Many veterans have a difficult time engaging in employment due to medical conditions related to their military service.  This is the goal behind VA disability payments.  They are aimed to compensate veterans for the decrease in work productivity due to service-connected disabilities.  For each service-connected condition, VA assigns a percentage rating from 0% to 100%.  These percentages are combined through a process that does not simply add them together to arrive at a veteran’s overall disability rating.

How VA Disability percentages are calculated

Based on the method the VA uses to combine the individual disability percentages to arrive at an overall rating, increasing the overall rating becomes harder as the overall rating gets higher.  For example, it requires a much higher individual rating percentage to move the overall rating from 70% to 80% than it does to move the overall rating from 10% to 20%.  The most difficult 10% increase in overall VA disability rating is from 90% to 100%.   While this is the most difficult step up, it is also the most important, as one this step up, the monthly benefit received by the veteran increases by more than $1,000 a month.

Overview of Individual Unemployability

As combining individual rating percentages to achieve a 100% rating is often a difficult task, many veterans look to increase their overall rating by obtaining individualized unemployability.  Individualized unemployability, also referred to as “IU” or “TDIU,” is a method for veterans to obtain the same payout as 100% disability without having to combine individual disability ratings to reach 100%.  IU provides for the payment of benefits at the 100% level, regardless of a veteran’s actual combined percentage, for veterans who can show that they are unable to work due to their service-connected disabilities.  To receive IU, a veteran must show that they are unable to engage in substantial gainful activity due to their service-connected disabilities.  Further, to receive IU, a veteran must have a single service-connected disability rated at least 60%, or a combination of disabilities that combines for 70%, with at least one disability at 40%.  In some instances, IU can be available for veterans who do not meet the percentage rating requirements.

Work permitted by those receiving IU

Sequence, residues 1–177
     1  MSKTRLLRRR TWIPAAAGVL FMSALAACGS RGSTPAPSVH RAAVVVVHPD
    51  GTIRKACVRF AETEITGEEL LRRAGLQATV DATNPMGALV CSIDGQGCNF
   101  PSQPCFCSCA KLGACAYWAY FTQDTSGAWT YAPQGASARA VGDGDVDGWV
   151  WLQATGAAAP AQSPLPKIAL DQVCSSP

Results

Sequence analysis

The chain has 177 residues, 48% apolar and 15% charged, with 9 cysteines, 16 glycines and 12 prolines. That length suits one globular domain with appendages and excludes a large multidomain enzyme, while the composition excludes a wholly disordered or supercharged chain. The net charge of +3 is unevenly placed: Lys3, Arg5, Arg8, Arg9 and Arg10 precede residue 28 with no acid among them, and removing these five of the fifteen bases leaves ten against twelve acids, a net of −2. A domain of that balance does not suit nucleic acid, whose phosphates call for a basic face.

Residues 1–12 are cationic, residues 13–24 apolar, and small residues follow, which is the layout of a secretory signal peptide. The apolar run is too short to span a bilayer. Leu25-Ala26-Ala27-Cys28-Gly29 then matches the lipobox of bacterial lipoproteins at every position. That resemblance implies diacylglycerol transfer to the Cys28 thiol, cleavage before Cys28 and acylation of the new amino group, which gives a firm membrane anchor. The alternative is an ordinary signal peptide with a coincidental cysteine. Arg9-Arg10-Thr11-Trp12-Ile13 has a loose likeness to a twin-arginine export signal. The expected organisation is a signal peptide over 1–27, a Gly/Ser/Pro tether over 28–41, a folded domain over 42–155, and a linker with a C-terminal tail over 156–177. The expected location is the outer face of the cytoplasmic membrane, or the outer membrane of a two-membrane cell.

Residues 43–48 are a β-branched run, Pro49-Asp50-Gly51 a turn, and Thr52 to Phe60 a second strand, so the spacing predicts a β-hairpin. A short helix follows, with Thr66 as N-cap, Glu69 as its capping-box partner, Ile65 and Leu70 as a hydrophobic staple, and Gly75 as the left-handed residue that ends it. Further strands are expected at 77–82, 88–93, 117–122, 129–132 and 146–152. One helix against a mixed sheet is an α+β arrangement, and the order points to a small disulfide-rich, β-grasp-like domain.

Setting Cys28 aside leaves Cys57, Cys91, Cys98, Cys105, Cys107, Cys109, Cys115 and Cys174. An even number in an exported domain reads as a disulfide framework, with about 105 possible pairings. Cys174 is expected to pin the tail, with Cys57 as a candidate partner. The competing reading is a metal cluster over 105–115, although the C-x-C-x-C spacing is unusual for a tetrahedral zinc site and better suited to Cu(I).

The question most veterans ask in deciding if they qualify for, and whether they want to pursue, IU is whether a veteran can work while receiving IU.  IU is based on a veteran showing they cannot perform substantial gainful activity due to their service-connected disabilities.  So, the amount of work that can be performed will receiving IU is based on the definition of substantial gainful activity.   There are two types of employment that do not constitute substantial gainful activity for the purpose of IU.  First, if the job does not pay at least the amount of the poverty level for a single individual, it will not be considered substantial gainful activity.  Second, if the employment is considered to be “protected employment” it is not considered to be substantial gainful activity.  Protected employment is employment that provides accommodations for disability that would not typically be found in the competitive labor market.  An example of protected employment is working in a family restaurant where a veteran with severe PTSD is afforded the opportunity to take any breaks desired and not come in if symptoms are extremely intense.  Such job would be protected employment, and therefore, the work would not constitute substantial gainful activity and the veteran performing the work would qualify to receive IU.

IU is a very valuable benefit, as it is often the easiest path for a large percentage of veterans to receive benefits at the 100% level.  As the qualifications for IU are very fact intensive and the law governing the subject is complex, it is recommended that veterans seek the advice of an attorney accredited with VA in seeking such benefit.